Tax Consequences of Investment Property

by Leslie McClintock

When you purchase real estate as an investment , rather than for your own personal use, you are subject to a new set of tax rules. While the principles remain the same, investment property is treated differently by the Internal Revenue Service under the tax code than real estate owned for personal use. To maximize potential profits, it is important to know the rules.

Capital Gains

The biggest tax disadvantage of investing in real estate is that investment property does not qualify for the $250,000 capital gains exclusion ($500,000 for married couples) that the IRS gives to those who own residential property.

Depreciation

The IRS realizes that buildings deteriorate over time, or become obsolete. For this reason, you can take a tax deduction to compensate you for the gradual unrealized loss in value for buildings machinery attached to your real estate investment. While investment properties can depreciate, personal real estate cannot be depreciated.

Mortgage-Related Deductions

While mortgage interest on your personal residence is deductible only if you don't fall under alternative minimum tax rules, the mortgage interest on investment properties is generally always deductible as a business expense. Primary mortgage insurance costs are also deductible for investment properties, as are points paid in lieu of interest. The cost of the property, however, is not deductible. Instead, property acquisition costs and fees associated are added to the cost basis of the property.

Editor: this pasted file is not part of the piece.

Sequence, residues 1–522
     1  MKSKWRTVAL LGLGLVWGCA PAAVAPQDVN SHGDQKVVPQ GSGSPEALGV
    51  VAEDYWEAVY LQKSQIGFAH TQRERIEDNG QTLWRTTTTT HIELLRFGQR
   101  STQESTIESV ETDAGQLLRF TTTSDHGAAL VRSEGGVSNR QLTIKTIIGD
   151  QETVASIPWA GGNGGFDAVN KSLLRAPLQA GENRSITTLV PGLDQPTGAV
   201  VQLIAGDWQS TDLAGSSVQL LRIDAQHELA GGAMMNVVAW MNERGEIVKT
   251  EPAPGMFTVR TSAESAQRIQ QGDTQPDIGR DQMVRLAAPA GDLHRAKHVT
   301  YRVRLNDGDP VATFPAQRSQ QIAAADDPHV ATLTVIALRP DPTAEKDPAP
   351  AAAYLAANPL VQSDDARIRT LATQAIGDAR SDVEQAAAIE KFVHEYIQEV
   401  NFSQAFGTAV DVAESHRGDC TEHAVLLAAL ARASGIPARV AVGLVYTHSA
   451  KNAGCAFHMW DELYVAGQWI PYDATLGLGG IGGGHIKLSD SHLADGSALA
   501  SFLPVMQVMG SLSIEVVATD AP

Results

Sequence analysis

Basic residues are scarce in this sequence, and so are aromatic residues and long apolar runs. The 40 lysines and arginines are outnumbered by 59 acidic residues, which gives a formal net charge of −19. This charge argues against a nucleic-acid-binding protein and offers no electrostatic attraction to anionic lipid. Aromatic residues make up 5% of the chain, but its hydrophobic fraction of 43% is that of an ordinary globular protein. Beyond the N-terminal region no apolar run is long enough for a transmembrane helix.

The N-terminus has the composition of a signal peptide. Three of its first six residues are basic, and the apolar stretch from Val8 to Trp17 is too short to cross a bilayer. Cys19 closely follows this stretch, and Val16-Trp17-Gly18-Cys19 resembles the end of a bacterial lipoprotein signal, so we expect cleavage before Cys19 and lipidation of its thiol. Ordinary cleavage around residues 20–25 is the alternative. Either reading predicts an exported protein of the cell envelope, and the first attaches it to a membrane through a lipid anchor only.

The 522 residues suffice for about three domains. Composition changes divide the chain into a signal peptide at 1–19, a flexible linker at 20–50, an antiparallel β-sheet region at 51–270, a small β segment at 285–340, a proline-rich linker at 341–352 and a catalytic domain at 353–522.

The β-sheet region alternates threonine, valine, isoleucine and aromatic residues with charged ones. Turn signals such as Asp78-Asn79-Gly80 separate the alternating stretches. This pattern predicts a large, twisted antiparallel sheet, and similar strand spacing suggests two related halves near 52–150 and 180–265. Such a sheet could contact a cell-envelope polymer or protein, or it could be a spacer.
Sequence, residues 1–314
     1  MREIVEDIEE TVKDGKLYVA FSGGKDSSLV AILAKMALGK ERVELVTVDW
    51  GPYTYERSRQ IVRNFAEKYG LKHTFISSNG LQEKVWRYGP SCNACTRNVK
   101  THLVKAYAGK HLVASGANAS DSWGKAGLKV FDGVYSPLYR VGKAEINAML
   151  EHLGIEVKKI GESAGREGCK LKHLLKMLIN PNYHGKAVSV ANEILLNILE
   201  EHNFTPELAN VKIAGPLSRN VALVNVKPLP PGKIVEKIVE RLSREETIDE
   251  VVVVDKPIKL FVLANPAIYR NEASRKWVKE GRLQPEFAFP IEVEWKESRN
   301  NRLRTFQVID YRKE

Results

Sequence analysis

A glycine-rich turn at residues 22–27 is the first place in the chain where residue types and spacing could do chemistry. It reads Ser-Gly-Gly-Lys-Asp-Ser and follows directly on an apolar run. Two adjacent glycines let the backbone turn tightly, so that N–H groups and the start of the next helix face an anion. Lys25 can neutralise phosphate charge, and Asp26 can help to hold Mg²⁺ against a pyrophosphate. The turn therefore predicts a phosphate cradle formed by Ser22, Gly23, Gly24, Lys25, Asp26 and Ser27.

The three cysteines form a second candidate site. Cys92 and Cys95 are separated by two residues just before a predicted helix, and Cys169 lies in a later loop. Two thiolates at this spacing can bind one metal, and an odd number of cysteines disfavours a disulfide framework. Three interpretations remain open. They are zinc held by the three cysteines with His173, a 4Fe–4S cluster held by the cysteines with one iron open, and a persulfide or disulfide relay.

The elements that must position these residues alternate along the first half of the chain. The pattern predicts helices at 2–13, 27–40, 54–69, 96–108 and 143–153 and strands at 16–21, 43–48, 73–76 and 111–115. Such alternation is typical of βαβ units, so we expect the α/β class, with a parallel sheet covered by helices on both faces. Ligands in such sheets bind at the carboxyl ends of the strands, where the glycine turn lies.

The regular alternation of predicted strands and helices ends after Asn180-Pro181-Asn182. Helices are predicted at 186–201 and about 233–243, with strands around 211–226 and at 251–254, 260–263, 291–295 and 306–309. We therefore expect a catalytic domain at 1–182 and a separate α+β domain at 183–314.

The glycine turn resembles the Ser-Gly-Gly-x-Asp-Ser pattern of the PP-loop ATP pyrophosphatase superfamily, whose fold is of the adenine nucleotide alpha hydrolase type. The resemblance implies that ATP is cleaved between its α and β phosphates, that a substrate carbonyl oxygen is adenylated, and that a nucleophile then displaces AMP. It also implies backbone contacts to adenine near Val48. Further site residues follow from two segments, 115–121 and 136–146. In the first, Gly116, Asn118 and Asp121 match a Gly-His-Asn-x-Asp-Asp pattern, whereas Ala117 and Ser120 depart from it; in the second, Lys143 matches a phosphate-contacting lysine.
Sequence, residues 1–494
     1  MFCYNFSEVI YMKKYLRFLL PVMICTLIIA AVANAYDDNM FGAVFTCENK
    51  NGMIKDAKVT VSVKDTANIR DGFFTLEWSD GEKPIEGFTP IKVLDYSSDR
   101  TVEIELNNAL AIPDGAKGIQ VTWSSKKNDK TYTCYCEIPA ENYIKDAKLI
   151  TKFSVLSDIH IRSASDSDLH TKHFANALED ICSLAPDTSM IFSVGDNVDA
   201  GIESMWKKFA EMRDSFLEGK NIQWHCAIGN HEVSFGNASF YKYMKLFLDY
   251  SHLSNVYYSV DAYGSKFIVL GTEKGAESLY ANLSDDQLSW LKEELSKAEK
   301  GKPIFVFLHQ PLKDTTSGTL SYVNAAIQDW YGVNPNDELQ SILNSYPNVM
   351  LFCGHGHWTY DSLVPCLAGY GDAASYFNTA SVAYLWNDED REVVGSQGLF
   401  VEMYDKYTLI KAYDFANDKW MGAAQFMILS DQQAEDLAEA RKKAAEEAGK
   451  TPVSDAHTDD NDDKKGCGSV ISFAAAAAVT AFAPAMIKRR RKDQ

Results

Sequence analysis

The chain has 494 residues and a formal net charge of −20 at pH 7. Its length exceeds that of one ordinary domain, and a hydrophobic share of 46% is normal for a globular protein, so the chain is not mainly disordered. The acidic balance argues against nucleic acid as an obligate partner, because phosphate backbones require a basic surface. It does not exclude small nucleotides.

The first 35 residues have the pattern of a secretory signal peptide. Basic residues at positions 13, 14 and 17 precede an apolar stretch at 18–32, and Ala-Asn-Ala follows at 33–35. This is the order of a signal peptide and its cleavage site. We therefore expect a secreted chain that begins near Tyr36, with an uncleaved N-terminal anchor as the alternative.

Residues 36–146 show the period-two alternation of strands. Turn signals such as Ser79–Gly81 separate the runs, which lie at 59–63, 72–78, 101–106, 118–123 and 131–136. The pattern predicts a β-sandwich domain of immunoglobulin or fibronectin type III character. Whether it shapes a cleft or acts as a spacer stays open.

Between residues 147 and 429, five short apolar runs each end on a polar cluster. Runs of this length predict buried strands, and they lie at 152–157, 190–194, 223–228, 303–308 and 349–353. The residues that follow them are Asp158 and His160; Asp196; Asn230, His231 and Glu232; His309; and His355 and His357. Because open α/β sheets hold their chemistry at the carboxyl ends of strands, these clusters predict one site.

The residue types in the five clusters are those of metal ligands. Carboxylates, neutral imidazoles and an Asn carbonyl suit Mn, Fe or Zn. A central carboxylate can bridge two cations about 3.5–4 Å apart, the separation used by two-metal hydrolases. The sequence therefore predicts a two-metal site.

Passive Activity Rules

If you are collecting income from rent, you may fall under specific tax rules governing passive activities. Generally, passive activities are interests that generate income for you without requiring direct participation. Rent qualifies as a passive activity for those who are not professionals in the real-estate field. Passive activity rules restrict your ability to deduct losses against income from non-passive activities. For a full explanation of the rules, see IRS Publication 925.

Reporting

Miscellaneous Itemized Deductions, investment real estate expenses go on a Schedule C, Profit or Loss from Business. This helps the investor, because business deductions are not subject to a 2-percent threshold of annual income like individual itemized deductions are.

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